There is a bit of superstition involved as well. Henderson was easily recognized by baseball fans because of his long hair. However it went away last June when the Orioles were in Milwaukee for a three game series against Brewers,
Henderson said of his trip to the Milwaukee barbershop, “I was just trying to get the edges a little tighter because I really don’t like it when it sticks out too far out of my hat.” “As soon as we got there, it was like a pair of scissors went straight backwards. And I said ‘Okay, here we go.’
“He went straight over and I said, ‘Oh no. We’re already there. So, yeah, we’ll have to cut it.'”
As Henderson put it, he “started hitting really well after that.” He has hit .280 with a .886 OPS with 15 homers and 46 RBI in 60 games since June 8.
That haircut also marked the beginning of a boom for this Orioles group. They’ve gone 41-23 since June 8, leading from rays to clinch the AL East lead and top spot in the American League.
Henderson is living up to his billing as the top prospect in baseball entering the season as he is well on his way to becoming the Orioles’ best shortstop since Cal Ripken Jr. The newbie actually shares some similarities with Iron Man. They both have large frames, with Henderson standing at 6-foot-3 and Ripken at 6-foot-4.
Henderson recently had the opportunity to meet Ripken for the first time when the Hall of Famer was at Camden Yards for the 40th anniversary celebration of the Orioles’ 1983 World Series team.
Henderson said, “I got to talk to him and have a little chat with him.” “And he’s just saying he’s glad to see me at shortstop because he’s a tall shortstop and I am too. So, he said he liked my actions out there and he’s getting better at it, and he really likes me.” Enjoys looking out there.”
However, there is some question as to whether Henderson will still be at shortstop in the near future. Jackson Holiday1 overall pick in the 2022 MLB draft, is quickly making his way up the minor-league ranks as many evaluators rank him as the best prospect in baseball and project him to join the majors by next season. We do.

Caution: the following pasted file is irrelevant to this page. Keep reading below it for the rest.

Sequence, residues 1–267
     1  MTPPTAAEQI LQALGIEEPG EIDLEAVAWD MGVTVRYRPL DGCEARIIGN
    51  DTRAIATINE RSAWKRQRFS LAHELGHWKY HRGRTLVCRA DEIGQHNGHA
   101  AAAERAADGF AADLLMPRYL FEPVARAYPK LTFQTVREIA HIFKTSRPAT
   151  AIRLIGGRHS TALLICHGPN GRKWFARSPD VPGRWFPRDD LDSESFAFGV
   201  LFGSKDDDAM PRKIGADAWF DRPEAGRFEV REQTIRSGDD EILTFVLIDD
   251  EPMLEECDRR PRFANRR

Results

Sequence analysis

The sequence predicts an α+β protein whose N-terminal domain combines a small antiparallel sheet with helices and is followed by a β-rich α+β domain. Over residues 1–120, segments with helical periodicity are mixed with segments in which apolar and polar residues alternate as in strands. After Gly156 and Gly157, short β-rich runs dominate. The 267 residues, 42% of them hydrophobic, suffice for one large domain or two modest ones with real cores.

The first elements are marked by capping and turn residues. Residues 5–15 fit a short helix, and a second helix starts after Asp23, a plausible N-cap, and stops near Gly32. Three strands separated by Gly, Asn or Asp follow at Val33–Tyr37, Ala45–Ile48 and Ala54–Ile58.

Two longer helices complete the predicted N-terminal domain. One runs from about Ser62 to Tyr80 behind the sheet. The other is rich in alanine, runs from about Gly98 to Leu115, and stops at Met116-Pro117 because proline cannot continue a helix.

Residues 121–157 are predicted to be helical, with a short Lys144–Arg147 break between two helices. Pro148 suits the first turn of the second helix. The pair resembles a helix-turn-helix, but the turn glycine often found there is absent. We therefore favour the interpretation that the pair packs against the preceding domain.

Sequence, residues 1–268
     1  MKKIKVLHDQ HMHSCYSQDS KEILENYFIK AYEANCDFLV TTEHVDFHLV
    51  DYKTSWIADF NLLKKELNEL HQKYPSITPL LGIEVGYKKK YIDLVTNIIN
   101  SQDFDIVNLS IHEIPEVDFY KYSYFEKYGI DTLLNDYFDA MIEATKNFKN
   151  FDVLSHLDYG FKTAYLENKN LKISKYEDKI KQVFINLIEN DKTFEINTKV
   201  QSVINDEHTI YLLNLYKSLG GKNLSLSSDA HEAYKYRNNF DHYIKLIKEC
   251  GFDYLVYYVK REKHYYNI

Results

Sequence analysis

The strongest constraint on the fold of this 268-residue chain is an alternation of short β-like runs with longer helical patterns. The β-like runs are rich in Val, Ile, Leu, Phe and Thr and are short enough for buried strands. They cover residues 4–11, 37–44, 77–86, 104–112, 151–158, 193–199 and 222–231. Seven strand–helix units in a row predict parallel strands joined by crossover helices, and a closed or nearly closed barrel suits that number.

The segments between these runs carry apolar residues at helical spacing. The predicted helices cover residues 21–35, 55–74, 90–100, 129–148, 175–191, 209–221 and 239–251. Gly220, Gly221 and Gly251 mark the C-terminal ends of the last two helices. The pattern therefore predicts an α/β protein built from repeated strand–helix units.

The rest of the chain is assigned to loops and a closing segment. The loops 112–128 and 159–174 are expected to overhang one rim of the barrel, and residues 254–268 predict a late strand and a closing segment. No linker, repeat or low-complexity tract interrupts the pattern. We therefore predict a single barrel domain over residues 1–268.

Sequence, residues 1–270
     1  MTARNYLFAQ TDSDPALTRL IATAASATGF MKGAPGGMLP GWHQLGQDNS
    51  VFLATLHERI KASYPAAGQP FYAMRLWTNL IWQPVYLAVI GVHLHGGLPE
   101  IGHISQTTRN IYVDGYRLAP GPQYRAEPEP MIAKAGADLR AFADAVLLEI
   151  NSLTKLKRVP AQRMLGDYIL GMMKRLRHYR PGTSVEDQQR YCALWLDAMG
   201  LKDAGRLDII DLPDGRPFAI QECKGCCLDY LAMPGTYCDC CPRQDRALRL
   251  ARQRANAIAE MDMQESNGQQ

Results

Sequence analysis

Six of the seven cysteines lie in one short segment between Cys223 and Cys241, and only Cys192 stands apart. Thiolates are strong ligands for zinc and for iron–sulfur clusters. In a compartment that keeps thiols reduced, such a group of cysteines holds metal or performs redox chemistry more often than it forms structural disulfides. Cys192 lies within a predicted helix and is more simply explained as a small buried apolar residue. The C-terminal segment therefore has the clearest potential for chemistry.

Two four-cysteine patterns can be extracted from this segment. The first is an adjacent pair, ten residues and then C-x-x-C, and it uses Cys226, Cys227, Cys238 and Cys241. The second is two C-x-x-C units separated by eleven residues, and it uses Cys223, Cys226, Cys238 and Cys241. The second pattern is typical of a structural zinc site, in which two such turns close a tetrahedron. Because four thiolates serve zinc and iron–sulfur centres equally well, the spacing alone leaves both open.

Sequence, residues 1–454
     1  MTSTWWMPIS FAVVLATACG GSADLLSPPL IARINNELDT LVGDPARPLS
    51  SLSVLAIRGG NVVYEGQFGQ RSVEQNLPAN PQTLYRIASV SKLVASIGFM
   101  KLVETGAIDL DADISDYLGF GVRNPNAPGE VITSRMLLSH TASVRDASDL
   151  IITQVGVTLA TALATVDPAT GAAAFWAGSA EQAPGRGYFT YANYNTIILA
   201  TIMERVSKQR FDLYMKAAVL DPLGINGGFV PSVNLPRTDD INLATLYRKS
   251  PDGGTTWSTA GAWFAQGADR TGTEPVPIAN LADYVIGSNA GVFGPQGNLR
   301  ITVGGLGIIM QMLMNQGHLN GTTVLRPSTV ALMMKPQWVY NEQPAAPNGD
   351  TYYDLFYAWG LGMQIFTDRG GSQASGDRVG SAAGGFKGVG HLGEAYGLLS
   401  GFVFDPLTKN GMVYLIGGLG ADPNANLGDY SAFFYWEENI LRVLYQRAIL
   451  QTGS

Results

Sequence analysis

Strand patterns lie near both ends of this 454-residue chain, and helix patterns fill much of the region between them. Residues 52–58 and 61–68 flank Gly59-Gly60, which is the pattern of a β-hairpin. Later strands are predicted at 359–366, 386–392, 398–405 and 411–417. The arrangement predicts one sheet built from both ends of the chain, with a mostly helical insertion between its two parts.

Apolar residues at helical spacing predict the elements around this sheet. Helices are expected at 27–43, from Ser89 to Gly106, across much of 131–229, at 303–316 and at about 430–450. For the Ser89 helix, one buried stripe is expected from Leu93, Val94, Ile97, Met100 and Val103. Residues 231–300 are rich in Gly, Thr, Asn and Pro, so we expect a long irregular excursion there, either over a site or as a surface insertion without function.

Holliday’s call-up will force the Orioles to make a difficult decision at shortstop, a position Henderson is expected to remain.
Henderson said, “I was selected as shortstop and that’s what I’ve played my whole life.” “So, that’s what I love to play. And yeah, just continue to be out there and show off your athleticism out there.”
Holiday is one of several top prospects expected to make it to the big leagues for the Orioles, who already have one of baseball’s best young players. Henderson enjoys the team they are in now and envisions a strong future for the group. As I’ve said before, I believe there is potential for a potential dynasty in Baltimore.
“I’d like to think so,” Henderson said. “I’ve seen everyone play except the newly drafted players. It looks like a great mix for a long championship run for many years to come.”
Well then, what about 2023? Can these budding Orioles win the World Series this October?
“I’m pretty sure we can.”
ben verlander MLB analyst for Fox Sports and host of “flippin batpodcast. Born and raised in Richmond, Virginia, Verlander was an All-American at Old Dominion University before joining his brother Justin in Detroit for the Tigers’ 14th round pick in 2013. He spent five years in the Tigers organization. Twitter follow him on @benverlander,